Landowners surrounding a proposed subdivision on the northeast edge of Stevensville were invited to a meeting last week to hear what the developer has in mind.
Fred Croci introduced himself, saying that he has been a real estate developer for 52 years and has developed “thousands of home sites.” He introduced his daughter Yvette Larson, a teacher at Stevensville School, and his son-in-law, Eric Larson, the new principal at Stevensville High School. Croci is working with consultants from PCI, Inc. who developed the site plan.
Croci said that he’s hoping to create 36 lots on the 16.6-acre property that is just north of Creekside Meadows subdivision. He said there would be two entrances onto Eastside Highway on the west and east end of the subdivision. The lots would be about 10,200 square feet and he expects the single-family homes would cost about $450-$550k. The property is already within the Stevensville town limits and is zoned R-1. Croci said he will develop the subdivision but he is not a builder and plans to sell the lots. Croci said he plans to have a home built and live in the subdivision “for most of the year.”
He said Swamp Creek runs through the property on the southern edge and he wants to preserve four acres along the creek as a “natural area.”
Croci did his best to answer questions and listen to concerns from the audience, some of whom at times expressed open hostility.
A major concern of the crowd was high ground water and surface water during spring run-off. He said all the houses will be on “slab and grade” with no basements allowed.
Croci said he may put in dewatering wells to lower the ground water, something he said he had to do in a Fort Collins, Colorado development. He said the wells would take the water out of the ground and put it in Swamp Creek and eventually the river. He said the Department of Environmental Quality would have to approve the system.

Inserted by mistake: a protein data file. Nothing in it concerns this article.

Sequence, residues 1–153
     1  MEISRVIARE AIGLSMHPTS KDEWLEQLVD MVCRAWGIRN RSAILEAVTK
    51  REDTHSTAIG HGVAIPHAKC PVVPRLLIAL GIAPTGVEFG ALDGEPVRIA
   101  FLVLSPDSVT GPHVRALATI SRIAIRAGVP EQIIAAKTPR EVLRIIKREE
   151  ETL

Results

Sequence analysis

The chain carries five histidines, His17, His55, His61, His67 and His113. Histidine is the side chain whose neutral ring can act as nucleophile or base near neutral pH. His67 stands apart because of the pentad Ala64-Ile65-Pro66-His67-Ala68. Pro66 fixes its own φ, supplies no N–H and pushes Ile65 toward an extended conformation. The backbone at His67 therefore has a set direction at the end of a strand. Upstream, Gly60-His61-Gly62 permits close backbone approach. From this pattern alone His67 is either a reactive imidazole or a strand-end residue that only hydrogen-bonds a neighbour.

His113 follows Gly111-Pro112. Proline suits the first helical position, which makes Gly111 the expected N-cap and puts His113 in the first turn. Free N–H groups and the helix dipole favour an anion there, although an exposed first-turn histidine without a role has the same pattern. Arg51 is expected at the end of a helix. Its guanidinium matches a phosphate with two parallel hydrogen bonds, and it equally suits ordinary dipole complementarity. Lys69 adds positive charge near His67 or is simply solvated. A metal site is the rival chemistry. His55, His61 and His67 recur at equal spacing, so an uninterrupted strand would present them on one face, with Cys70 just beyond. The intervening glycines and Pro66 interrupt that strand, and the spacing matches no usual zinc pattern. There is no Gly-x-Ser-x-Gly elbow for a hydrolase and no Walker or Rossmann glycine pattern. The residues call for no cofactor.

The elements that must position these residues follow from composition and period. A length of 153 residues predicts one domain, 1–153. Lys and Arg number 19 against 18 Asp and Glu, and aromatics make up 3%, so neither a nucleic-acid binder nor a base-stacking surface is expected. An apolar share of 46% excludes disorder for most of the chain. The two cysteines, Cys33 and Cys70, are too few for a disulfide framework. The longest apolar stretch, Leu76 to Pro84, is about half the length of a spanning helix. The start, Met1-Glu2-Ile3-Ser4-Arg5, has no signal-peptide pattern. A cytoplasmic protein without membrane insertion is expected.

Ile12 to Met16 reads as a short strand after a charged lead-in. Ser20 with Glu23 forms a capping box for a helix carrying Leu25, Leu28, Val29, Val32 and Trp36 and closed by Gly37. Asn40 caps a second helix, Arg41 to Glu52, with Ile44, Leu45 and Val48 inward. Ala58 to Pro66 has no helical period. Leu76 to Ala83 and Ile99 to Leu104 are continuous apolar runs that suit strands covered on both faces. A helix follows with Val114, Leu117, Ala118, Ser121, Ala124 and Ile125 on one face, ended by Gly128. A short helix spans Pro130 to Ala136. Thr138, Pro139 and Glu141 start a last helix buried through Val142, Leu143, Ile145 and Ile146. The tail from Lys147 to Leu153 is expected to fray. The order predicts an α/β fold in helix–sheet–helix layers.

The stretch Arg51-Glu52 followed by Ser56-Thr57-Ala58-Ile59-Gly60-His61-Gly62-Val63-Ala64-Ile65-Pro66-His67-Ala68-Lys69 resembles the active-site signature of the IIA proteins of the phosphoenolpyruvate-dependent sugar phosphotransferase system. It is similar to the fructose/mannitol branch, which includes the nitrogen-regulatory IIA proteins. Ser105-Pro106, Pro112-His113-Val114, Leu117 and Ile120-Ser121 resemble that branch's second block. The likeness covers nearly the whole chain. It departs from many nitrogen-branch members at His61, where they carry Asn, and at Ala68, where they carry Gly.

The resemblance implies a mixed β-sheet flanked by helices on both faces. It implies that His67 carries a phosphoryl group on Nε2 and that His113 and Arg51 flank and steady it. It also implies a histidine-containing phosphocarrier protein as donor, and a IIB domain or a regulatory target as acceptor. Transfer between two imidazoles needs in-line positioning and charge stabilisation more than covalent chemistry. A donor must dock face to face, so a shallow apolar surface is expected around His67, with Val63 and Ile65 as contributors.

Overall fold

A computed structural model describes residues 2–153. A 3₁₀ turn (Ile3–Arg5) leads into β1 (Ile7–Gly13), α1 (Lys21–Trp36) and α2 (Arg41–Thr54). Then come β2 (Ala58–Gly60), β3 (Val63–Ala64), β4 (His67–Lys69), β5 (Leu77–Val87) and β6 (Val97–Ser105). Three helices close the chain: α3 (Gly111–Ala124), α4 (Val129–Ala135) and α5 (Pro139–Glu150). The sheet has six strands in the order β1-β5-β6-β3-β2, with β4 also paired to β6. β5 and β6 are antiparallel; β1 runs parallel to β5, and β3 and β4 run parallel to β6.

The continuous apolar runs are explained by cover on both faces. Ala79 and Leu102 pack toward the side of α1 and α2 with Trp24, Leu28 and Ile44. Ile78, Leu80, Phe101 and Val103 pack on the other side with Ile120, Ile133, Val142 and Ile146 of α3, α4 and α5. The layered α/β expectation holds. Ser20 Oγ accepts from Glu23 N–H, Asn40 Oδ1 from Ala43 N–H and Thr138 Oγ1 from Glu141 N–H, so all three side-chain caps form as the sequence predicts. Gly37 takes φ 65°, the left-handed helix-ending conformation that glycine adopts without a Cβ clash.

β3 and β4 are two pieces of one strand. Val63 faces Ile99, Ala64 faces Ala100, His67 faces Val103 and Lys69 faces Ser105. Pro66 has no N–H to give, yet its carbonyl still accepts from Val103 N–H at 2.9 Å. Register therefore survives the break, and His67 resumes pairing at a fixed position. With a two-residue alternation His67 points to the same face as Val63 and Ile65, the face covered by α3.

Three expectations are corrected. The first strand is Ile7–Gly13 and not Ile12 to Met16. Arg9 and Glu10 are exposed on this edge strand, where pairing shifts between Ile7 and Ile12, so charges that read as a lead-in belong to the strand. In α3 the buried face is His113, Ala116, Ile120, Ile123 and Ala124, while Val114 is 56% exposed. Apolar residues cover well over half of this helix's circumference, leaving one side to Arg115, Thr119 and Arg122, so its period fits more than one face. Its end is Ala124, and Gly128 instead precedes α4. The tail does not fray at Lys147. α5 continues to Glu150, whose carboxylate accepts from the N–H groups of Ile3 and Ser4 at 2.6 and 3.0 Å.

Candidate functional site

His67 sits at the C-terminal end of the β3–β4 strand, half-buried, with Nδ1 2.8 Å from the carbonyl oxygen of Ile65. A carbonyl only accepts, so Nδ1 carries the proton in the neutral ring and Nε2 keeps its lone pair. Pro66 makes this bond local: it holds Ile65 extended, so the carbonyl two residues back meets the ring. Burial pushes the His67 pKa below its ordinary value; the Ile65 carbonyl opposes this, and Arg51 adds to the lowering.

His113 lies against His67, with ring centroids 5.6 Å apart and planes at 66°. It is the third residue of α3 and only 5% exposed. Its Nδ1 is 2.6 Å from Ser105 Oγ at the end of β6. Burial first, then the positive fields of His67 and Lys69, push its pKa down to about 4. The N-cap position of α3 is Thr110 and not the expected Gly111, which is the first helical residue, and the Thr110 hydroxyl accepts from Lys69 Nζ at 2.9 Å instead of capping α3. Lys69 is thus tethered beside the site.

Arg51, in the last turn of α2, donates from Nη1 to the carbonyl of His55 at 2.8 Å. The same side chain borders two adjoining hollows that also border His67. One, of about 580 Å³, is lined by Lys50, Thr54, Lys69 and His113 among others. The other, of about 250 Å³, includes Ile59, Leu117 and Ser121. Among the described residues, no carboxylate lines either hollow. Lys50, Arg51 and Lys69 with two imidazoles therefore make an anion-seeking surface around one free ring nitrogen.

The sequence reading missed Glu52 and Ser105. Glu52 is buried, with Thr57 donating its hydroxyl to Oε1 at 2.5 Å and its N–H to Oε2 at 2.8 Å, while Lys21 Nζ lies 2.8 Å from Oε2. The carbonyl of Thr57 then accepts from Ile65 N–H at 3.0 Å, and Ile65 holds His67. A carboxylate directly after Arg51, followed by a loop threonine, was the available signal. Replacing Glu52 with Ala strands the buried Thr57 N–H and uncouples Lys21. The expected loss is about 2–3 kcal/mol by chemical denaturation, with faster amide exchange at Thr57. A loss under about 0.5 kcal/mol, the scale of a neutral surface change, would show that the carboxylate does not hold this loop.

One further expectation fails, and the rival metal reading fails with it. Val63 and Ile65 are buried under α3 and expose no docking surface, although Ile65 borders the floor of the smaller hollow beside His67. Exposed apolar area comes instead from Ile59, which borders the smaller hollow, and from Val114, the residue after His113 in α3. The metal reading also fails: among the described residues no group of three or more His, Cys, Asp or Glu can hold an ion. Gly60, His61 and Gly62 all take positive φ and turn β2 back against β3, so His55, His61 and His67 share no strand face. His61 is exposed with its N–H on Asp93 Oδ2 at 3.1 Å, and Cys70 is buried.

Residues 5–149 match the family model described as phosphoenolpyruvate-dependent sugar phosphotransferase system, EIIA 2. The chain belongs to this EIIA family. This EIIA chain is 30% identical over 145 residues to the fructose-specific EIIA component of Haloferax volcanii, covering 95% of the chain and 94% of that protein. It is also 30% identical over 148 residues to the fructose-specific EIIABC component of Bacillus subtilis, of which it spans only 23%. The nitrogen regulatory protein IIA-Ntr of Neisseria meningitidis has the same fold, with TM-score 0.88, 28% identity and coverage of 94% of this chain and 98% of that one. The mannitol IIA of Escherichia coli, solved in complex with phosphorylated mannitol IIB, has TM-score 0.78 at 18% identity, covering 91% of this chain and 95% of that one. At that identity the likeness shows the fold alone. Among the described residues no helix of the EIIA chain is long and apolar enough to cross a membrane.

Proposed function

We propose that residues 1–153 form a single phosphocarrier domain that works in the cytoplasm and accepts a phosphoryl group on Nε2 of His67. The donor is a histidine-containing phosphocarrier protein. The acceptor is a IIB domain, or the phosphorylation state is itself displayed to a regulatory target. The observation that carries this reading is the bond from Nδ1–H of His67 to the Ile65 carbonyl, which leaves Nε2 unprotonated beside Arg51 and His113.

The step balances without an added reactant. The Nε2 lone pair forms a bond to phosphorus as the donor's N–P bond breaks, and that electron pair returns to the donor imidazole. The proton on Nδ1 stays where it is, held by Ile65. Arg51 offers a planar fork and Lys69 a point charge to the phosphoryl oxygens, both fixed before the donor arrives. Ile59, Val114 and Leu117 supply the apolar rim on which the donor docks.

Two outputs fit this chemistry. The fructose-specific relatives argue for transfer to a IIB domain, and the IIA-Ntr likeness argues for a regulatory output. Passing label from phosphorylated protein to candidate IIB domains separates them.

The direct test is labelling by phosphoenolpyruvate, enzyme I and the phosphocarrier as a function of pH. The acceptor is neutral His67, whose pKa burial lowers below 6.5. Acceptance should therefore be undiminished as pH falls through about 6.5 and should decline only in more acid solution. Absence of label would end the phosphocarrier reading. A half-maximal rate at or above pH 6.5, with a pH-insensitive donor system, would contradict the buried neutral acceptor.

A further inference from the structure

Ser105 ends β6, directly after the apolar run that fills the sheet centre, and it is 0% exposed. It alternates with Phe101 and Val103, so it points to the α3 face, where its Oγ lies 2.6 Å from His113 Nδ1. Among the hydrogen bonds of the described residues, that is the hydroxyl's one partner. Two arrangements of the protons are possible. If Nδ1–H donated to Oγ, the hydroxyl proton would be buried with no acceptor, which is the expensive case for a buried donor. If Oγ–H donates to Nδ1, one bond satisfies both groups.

Bob Michalson, former Stevensville town council member, said that the town has serious water issues that have not been resolved and were basically ignored during the public hearings on the Burnt Fork Estates subdivision. “We all know what’s going on in our town. We feel like we’re just talking to the air,” said Michalson.
Croci said it was his understanding that water quantity is not a problem and that leaking pipes is a problem that the Town is going to address.
Steve Gibson, a former town council member who is running for mayor, said “The town is on water restrictions now. It would be common sense to say that there’s a capacity issue.”
Concerning increased traffic, Croci said the subdivision would add approximately 96 trips per day to the Eastside Hwy. Linda Lewis, who lives on adjacent property to the west of the proposed subdivision, said, “We’ve lived next to this property for 58 years. It’s already so congested we can’t get out of our driveway now.”
Leanna Rodabaugh asked PCI consultant Ron Ewert, “Is Mayor Dewey in favor of this?” Ewert said that this was the very first meeting and that the application has not yet been submitted to the Town. “The mayor doesn’t have the information yet.”
Regarding hooking up to the Town’s sewer system, Croci said he was hoping to buy a lot in Creekside Meadows, build a home and create a sewer easement from that lot to the new subdivision.
Michalson said that George Thomas, who retired as public works director for Stevensville after 28 years, had told him that “there wasn’t enough water. Then there’s a study that says there is enough water. Who do we believe?”
“I have to believe the people who went to school or this for four or eight years,” said Croci, “because if we can’t believe them, then this country is in a whole lot of trouble.”
He added, “I am here doing this due diligence on this project.”
Michalson said, “A subdivision can be denied due to public comment even through Mayor Dewey said it couldn’t be denied.”
Rodabaugh said, “Are you hearing us? You need to hear us.”
“I’m listening,” said Croci.
“You have bought a nice piece of property that’s not fit for development,” said Rodabaugh.
“That remains to be determined,” said Croci.